As usual for me I hadn’t done any research before we arrived, other than have a quick flick through our Rough Guide, but in some ways that’s a good thing as we don’t have any preconceived ideas on how things will be.

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Plaza de Cabildo.

We tend to just prefer to wander around with no set itinerary getting our bearings as we go.

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Entrance to the Cathedral.

With zero research we were then surprised and delighted when we strolled through the Parque Maria Luisa to reach the Plaza de España, such a pleasant and relaxing place to while away an afternoon.

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Museo de Artes y Costumbres Populares set in the Parque Maria Luisa.  The museum displays traditional Andalusian folk arts.
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Plaza de Espana.
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View of the Plaza de Espana from the first floor balcony.
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Regional scenes on ceramic tiles – the work of Anibal Gonzalez.

On our second day in Seville we discovered more of the old town and whiled away a couple of hours mooching about in the Santa Cruz area which hides many plazas and flower decked patios.

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Square lined with orange trees.

Then more walking of the river to the north and over into the Triana district, which was once Seville’s gypsy quarter.

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Puente de Isabel II conecting central Seville with the Triana district.

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View across the Rio Guadalquivir towards the Triana district.

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Internet binge using the cafe wifi!

There’s so much to see in Seville that we couldn’t do it all and after two days we were feeling a little bit overwhelmed with information overload so decided to hit the road south following the Rio Gualdalquivir to the sea.

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Sanlucar de Barrameda.

We arrived in Sanlucar de Barrameda last night which seems to be a lively small coastal town at the mouth of the Gualdalquivir overlooked by a Moorish castle.

The rain has now stopped so it’s about time we got out to have an explore!

Hasta Luego!

 

 

Some of my best friends are donkeys…. .

Ok, so long time no blog post!  It’s fair to say I’ve left myself somewhat lacking on the blog front over the past few weeks and have left my multitude (aka – handful) of readers in the lurch so to speak.  Desculpe meus amigos!!

So, where are we?  We are currently parked up on the cliffs above Monte Clerigo beach, just outside Aljezur, Portugal watching the surf roll in whilst the rain comes and goes in waves.   Our time at Donkey HQ came to an end yesterday after eight donkey filled weeks and we were sad to leave but also ready to continue with our travels.

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Donkey HQ.

When we first embarked on our fifth Helpx assignment we didn’t think for a minute that we would stay for as long as we have but we had such an enjoyable time there that the weeks just went on by without us noticing too much.

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A terrace of pines.

We so enjoyed looking after all the donkeys and getting to know all their different characters.  Romano, the wise old grandaddy.

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Romano taking a nap.

Margarida, Miss Greedy.

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Margrida, eyes bigger than her belly!

Gentle Mocca.

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Gentle Mocca bringing up the rear.

None too bright Olivia – unfortunately I don’t seem to have aphoto of her:(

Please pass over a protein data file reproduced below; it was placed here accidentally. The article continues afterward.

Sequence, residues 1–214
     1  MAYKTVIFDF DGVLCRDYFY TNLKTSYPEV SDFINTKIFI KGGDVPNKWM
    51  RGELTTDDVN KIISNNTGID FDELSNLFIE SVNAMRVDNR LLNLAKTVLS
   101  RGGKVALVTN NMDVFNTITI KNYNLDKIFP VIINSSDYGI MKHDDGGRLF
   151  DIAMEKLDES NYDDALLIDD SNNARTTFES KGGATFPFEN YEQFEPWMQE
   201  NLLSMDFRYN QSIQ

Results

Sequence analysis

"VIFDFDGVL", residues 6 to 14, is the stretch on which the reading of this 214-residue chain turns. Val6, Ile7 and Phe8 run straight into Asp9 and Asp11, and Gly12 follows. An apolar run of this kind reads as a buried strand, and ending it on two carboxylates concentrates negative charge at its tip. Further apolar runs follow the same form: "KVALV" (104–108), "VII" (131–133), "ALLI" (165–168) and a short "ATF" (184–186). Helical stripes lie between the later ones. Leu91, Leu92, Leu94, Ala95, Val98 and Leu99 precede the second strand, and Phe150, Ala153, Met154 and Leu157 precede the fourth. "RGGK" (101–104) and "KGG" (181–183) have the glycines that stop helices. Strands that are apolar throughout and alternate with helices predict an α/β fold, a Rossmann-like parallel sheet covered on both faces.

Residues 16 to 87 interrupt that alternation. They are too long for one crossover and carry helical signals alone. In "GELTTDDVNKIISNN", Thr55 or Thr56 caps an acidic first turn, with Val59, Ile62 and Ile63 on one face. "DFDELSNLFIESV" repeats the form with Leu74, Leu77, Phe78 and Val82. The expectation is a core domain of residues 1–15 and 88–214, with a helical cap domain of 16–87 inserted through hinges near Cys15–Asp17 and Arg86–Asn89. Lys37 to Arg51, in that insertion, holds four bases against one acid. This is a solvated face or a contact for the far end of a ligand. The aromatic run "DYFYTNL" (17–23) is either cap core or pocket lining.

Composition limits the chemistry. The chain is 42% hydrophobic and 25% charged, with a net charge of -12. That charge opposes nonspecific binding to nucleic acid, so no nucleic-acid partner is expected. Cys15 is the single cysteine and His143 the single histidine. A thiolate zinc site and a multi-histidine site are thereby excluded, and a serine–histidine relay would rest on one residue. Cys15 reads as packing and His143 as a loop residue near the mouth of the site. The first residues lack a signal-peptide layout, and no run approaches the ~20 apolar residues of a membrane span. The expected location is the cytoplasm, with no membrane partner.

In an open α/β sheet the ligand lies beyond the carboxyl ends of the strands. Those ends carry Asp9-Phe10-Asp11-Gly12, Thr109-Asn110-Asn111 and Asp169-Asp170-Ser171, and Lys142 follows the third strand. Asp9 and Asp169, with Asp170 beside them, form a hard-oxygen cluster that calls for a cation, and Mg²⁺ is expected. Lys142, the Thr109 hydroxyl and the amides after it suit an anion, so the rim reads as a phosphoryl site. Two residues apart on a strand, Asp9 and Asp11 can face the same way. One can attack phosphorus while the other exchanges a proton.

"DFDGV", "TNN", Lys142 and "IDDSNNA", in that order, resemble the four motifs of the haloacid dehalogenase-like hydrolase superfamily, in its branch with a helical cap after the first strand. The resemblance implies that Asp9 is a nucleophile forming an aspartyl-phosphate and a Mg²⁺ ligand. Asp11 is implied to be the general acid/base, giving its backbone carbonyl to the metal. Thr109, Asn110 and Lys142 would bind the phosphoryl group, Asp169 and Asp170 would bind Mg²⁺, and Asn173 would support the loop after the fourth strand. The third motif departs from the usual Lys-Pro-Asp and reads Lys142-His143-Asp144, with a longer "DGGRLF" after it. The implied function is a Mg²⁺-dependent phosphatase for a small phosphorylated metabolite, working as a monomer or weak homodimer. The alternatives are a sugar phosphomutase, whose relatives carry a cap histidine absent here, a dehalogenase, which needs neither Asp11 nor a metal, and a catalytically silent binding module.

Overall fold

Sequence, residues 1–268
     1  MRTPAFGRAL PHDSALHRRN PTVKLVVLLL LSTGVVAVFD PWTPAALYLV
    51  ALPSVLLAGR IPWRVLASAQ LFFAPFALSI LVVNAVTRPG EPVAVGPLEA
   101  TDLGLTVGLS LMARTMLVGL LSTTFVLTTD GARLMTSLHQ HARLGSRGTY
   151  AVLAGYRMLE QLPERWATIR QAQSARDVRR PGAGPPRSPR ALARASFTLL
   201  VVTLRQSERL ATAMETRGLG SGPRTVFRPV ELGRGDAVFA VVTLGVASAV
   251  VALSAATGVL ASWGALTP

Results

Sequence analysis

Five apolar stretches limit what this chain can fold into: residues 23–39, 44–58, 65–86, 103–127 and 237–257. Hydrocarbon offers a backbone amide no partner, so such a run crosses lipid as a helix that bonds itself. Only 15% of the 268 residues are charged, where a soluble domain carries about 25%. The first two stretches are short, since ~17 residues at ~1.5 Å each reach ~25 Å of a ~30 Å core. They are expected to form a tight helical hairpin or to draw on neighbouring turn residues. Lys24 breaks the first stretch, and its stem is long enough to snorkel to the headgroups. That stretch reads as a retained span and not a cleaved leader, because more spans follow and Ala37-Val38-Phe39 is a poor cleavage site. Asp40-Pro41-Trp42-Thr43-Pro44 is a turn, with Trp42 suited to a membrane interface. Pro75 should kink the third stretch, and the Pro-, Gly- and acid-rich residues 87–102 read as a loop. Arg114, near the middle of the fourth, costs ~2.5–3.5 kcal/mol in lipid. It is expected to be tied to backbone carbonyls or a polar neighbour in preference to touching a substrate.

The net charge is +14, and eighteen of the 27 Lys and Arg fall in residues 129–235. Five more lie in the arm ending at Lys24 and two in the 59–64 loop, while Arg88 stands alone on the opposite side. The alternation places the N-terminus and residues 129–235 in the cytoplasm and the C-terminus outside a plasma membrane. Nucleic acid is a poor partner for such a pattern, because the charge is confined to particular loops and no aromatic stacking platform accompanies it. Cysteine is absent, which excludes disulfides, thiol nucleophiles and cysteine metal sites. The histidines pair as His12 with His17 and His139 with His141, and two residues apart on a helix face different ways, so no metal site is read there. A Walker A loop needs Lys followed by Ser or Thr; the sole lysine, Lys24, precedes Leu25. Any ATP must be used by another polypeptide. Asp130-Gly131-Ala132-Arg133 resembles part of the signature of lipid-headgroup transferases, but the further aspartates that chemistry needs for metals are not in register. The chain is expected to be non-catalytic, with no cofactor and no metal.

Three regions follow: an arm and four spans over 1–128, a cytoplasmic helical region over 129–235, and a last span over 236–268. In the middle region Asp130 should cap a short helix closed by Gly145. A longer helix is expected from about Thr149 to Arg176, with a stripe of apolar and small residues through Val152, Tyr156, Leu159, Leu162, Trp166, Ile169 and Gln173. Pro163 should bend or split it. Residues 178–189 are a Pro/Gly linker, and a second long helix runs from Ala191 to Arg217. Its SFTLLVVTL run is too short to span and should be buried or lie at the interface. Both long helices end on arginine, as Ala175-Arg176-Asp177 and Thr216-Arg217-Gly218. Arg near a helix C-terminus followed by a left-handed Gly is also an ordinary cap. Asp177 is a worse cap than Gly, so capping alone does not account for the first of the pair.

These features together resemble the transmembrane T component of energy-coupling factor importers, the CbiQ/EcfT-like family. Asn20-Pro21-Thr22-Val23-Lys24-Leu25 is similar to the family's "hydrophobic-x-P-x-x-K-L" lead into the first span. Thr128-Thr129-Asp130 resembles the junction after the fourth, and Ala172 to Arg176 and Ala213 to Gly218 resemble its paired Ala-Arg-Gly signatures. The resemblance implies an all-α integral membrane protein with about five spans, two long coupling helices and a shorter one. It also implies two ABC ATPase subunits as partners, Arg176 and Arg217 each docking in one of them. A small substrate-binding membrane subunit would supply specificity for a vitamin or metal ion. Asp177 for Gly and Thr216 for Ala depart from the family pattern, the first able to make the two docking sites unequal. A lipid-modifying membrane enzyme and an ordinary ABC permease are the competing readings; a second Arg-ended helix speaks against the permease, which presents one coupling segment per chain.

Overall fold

Xiquito, Olivia’s shadow.

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Xiquito gearing up for a roll in the sand!

Cheeky Emilio with the most beautiful ears.

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Beautiful boy, Emilio.

Elfrieda, Martha and Isadora, the guest donkeys, or ‘Algarve 3’ as I’ve been calling them.  Still sticking together and working as a team even after nearly two months at donkey HQ.

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Elfrieda, Martha and Isadora (aka the ‘Algarve 3’)

Jeco, the stoic little guy.

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Jeco seems to have Margarida’s bowl!

Xico, aka gnasher!

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Xico with the big teeth!

Steady Emil and friendly, inquisitive Falco.

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Emil (L) and Falco (R) enjoying breakfast in the sun.

And last but not least, and my all round personal favourite, Margalhaes now renamed Kali as no-one could remember or pronounce his name!

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Kali’s first trek to the beach and he’s working the crowd like a pro!

Sofia is passionate about her donkey family giving them a life that most donkeys in Portugal and around the world could only dream of.

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Our last walk with Emilio and Kali 🙂

They are so well cared for and it was a privilege to be able to be a part of their lives and routines for the time we were there.

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Romano checking out the new area of pasture.

Madan, our Nepalese housemate, has taught us much about Nepal and Nepalese cooking and we’ve enjoyed getting to know him.  We now have Nepal on our list to visit in the future!

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We have shared many meals.

We also mustn’t forget the hospitality Sofia’s parents, Raban and Nelly, have shown us sharing stories of their colourful lives with us.  Their zest for life at 81 years old is inspirational.

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Sofia, Raban and Nelly on New Years Eve.

The small community we have experienced here has been one of neighbours helping and looking out for each other sharing ideas, skills, machinery, equipment and time.

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Lovely, gentle Florin.

It has been a fantastic learning experience for us and we are leaving with very happy memories and would definitely like to return in the future.

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Walking the local area.

So, Kali says goodbye and wishes us safe travels on he next chapter of our journey wherever it will take us 🙂

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Tchau!!

Até a próxima!